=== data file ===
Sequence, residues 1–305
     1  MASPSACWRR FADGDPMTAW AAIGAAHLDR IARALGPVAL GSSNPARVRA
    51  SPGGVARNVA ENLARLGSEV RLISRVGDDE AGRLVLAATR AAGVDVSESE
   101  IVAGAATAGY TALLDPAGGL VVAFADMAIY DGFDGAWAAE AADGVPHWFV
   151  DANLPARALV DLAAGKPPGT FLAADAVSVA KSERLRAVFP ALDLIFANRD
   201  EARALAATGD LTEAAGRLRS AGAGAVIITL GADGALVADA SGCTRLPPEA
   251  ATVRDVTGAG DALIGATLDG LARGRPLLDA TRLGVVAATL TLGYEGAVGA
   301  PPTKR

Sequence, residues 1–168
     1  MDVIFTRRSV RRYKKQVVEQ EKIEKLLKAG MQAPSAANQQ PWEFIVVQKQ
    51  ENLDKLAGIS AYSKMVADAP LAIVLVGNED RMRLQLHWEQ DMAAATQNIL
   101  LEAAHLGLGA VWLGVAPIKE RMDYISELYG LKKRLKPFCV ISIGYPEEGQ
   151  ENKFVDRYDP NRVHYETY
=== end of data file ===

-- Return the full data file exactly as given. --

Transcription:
Sequence, residues 1–305
     1  MASPSACWRR FADGDPMTAW AAIGAAHLDR IARALGPVAL GSSNPARVRA
    51  SPGGVARNVA ENLARLGSEV RLISRVGDDE AGRLVLAATR AAGVDVSESE
   101  IVAGAATAGY TALLDPAGGL VVAFADMAIY DGFDGAWAAE AADGVPHWFV
   151  DANLPARALV DLAAGKPPGT FLAADAVSVA KSERLRAVFP ALDLIFANRD
   201  EARALAATGD LTEAAGRLRS AGAGAVIITL GADGALVADA SGCTRLPPEA
   251  ATVRDVTGAG DALIGATLDG LARGRPLLDA TRLGVVAATL TLGYEGAVGA
   301  PPTKR

Sequence, residues 1–168
     1  MDVIFTRRSV RRYKKQVVEQ EKIEKLLKAG MQAPSAANQQ PWEFIVVQKQ
    51  ENLDKLAGIS AYSKMVADAP LAIVLVGNED RMRLQLHWEQ DMAAATQNIL
   101  LEAAHLGLGA VWLGVAPIKE RMDYISELYG LKKRLKPFCV ISIGYPEEGQ
   151  ENKFVDRYDP NRVHYETY